From a federal standpoint, the U.S. model tax treaty does not include any provisions allowing the enforcement of foreign tax judgments in U.S. Courts.8 And, while five of the currently active U.S.-foreign tax treaties require tax judgment enforcement reciprocity,9 none apply to state and local taxes.10 Similarly, although the United States is a signatory to the OECD Convention on Mutual Administrative Assistance in Tax Matters, it specifically does not participate in the reciprocal tax collection provisions, which would have superseded the revenue rule.11
The federal approach to foreign tax judgment enforcement has largely been mirrored at the state level. From a model statute perspective, both the Uniform Foreign Money-Judgments Recognition Act (UFMJRA) and the Uniform Foreign-Country Money Judgments Recognition Act (UFCMJRA) provide that foreign money judgments are generally enforceable in state courts, with the explicit exception of tax judgments.12 To date, approximately two thirds of the states, as well as the District of Columbia, have adopted variations on either the UFMJRA or the UFCMJRA. The remaining states have adopted the American Law Institute’s Restatement (Third) of Foreign Relations Law, which provides that the enforcement of foreign tax judgments is allowed but not required.13 However, the application of this more permissive approach is questionable following the Pasquantino decision.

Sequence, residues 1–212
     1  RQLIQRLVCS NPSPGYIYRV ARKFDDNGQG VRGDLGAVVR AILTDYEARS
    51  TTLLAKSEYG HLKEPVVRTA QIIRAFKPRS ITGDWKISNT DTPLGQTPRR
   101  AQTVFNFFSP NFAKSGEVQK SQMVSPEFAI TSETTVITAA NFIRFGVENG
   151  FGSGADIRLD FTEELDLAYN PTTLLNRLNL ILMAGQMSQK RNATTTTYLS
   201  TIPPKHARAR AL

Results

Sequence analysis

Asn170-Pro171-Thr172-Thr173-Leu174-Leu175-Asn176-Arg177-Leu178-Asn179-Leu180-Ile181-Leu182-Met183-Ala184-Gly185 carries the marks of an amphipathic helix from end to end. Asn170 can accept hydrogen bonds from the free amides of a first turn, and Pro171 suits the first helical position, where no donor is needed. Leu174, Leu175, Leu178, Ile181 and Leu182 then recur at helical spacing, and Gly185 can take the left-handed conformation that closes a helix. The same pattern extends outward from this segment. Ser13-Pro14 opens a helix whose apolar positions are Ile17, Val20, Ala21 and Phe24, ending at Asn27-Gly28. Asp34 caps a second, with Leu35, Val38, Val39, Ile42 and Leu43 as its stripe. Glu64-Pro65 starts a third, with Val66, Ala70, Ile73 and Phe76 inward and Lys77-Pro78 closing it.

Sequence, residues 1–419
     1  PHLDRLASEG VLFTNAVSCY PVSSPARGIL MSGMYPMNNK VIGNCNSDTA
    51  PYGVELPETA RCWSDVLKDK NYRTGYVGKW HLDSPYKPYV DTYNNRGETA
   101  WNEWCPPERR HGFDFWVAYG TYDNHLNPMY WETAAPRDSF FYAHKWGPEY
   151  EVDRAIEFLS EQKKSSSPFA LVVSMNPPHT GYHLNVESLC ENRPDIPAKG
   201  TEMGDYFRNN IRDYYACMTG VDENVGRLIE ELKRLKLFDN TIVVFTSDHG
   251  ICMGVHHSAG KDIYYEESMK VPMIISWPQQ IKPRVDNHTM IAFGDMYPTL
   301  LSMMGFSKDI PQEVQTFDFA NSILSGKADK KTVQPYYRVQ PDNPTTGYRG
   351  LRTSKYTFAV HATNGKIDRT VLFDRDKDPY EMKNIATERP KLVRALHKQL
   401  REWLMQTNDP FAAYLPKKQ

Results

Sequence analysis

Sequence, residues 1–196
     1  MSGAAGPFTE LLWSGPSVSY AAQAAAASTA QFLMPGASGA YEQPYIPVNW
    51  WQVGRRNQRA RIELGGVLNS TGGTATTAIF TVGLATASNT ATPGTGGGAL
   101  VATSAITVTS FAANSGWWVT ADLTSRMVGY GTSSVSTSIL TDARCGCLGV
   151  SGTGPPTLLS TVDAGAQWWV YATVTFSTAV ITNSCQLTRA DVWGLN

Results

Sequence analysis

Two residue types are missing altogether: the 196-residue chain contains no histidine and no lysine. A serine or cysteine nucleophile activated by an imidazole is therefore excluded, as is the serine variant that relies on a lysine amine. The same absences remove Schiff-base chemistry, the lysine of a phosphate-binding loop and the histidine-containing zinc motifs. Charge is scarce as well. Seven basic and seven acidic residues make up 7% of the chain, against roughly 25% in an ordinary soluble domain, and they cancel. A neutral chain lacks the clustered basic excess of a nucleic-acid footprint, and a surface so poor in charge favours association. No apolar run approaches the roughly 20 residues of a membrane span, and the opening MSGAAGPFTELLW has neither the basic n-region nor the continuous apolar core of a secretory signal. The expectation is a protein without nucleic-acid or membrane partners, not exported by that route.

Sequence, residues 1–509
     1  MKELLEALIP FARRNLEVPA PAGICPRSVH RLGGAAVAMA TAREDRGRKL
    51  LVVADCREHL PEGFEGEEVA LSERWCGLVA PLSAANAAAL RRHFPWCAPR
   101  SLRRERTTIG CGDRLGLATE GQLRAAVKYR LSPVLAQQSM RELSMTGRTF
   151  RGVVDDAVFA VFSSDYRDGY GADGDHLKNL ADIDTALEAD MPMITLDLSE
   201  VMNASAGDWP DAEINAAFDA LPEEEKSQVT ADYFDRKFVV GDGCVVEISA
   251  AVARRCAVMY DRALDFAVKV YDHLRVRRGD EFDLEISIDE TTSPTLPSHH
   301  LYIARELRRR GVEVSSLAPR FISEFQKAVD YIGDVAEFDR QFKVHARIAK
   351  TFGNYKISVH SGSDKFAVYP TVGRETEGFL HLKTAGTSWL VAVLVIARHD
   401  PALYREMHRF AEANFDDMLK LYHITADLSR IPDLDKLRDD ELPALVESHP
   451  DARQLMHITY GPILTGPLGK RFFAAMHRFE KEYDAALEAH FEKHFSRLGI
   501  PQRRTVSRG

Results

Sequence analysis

Taken altogether, U.S. courts are unlikely to enforce the tax judgments of foreign courts, and foreign courts are highly likely to respond in kind. Accordingly, in relation to the sales tax landscape post-Wayfair, foreign-based remote sellers may have nexus with a state based upon their purely economic activity directed at the state’s market, but, in practice, the imposition of a sales tax collection and remittance responsibility on those sellers may be unenforceable. This enforcement issue yields a completely different calculus for foreign-based remote sellers than is applicable to U.S.-based remote sellers. Nexus? So what? Not my problem.
The potential for E flight
As a result of this toxic combination of the model for U.S. enforcement of state tax judgments and the application of the revenue rule, foreign-based remote sellers will continue to enjoy an advantaged status post-Wayfair. To begin with, foreign-based remote sellers will not have to incur the not-insignificant expense of the people, processes, and software necessary to comply with the sales tax laws of the approximately 10,000 state and local sales tax jurisdictions in the United States, many of which require separate returns and have their own characterization, taxability, and sourcing rules. Next, foreign-based remote sellers will continue to benefit from the misapprehension of consumers that the lack of a charge for state sales tax is a price discount.